Female tiger at London zoo killed by prospective mate

Leroy Wright
February 12, 2019

The head tiger keeper, Kathryn Sanders, described Asim as "a handsome, confident cat who is known for being very affectionate with the ladies in his life - we're hoping he'll be the flawless mate for our attractive Melati".

Melati, a female Sumatran Tiger, was killed by her potential mate at London Zoo.

But he attacked her after they were put in the same 2,500sq metre enclosure.

The zoo says keepers intervened with loud noises, flares and alarms but were too late to save Melati.

Staff members are "heartbroken by this turn of events", officials said. Zookeepers allowed the two wary predators to physically interact for the first time, hoping they would eventually mate as part of a greater European breeding program. The tigers were kept apart in separate enclosures initially, but they were introduced after a while.

But tensions "quickly escalated", things became "more aggressive" and Melati died in a fight, the zoo said.

Before zookeepers opened the door separating the animals, Asim and Melati had spent 10 days growing habituated to each other through the cage.

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The London Zoo said its tiger territory will remain closed while the team focuses on caring for Asim.

Staff are "devastated" by the loss of Melati, who has been with the zoo for seven years.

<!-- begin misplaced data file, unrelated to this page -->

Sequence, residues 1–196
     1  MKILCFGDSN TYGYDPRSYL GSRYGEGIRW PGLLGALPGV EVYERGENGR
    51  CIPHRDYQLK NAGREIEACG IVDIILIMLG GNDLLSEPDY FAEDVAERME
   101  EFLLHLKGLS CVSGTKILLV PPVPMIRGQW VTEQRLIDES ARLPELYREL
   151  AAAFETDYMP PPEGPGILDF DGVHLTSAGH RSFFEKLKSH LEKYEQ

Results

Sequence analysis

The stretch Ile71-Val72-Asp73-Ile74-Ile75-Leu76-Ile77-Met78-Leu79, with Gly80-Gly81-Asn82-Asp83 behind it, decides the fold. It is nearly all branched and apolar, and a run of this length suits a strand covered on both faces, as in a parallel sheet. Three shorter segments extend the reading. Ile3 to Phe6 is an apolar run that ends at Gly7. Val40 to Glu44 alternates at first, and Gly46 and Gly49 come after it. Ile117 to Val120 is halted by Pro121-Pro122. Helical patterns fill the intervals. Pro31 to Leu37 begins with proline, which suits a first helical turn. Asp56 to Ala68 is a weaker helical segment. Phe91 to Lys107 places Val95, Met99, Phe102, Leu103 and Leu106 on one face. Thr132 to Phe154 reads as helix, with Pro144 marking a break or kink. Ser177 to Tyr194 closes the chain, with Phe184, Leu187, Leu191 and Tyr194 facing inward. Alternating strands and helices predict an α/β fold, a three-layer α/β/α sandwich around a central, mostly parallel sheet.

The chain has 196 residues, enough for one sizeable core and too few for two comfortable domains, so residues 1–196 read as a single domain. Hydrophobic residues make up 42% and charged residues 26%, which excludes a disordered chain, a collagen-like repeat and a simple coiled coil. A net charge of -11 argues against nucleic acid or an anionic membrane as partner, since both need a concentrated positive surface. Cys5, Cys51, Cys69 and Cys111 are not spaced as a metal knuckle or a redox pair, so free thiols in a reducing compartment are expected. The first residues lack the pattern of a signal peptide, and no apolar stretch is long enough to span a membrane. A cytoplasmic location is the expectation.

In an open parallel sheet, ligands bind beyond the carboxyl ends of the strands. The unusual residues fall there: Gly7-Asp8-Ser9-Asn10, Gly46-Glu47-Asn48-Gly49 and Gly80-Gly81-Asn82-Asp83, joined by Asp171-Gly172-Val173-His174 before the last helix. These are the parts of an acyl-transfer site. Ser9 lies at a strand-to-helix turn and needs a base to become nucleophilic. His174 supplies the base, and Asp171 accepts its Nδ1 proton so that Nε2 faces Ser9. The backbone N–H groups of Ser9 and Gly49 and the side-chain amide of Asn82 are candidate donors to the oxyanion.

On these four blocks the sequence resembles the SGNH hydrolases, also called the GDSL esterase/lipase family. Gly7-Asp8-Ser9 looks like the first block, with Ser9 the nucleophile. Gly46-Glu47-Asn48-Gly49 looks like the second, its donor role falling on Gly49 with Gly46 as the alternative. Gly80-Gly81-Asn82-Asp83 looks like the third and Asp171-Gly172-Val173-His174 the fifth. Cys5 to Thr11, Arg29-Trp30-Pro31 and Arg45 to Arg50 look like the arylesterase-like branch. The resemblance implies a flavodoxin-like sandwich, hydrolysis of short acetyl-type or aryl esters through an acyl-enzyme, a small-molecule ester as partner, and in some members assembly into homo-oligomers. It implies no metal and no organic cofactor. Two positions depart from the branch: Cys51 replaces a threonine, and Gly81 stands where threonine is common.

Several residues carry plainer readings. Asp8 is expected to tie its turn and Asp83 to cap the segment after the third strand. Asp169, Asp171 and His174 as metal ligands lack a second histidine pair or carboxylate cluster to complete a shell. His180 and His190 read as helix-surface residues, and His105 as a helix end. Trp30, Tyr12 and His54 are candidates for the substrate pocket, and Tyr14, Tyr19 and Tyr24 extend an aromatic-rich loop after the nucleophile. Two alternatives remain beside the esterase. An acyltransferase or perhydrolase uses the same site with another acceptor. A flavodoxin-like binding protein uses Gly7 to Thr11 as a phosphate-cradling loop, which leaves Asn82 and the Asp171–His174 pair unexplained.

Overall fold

Head tiger keeper Kathryn Sanders described him as "a handsome, confident cat who is known for being very affectionate with the ladies in his life".

In 2013, Melati gave birth to two cubs but one fell into a pool and drowned.

The 10-year-old female had had three litters with her former mate, Jae Jae, and an image of her playing with one of her cubs was featured among the Guardian's photos of the day in September 2016.

Sumatran tigers are the smallest surviving tiger subspecies and are distinguished by heavy black stripes on their orange coats, according to wildlife conservation non-profit WWF. The tiger is found in the wild only on the Indonesian island of Sumatra, and the World Wide Fund for Nature says that fewer than 400 exist today, down from an estimated 1,000 in 1978.

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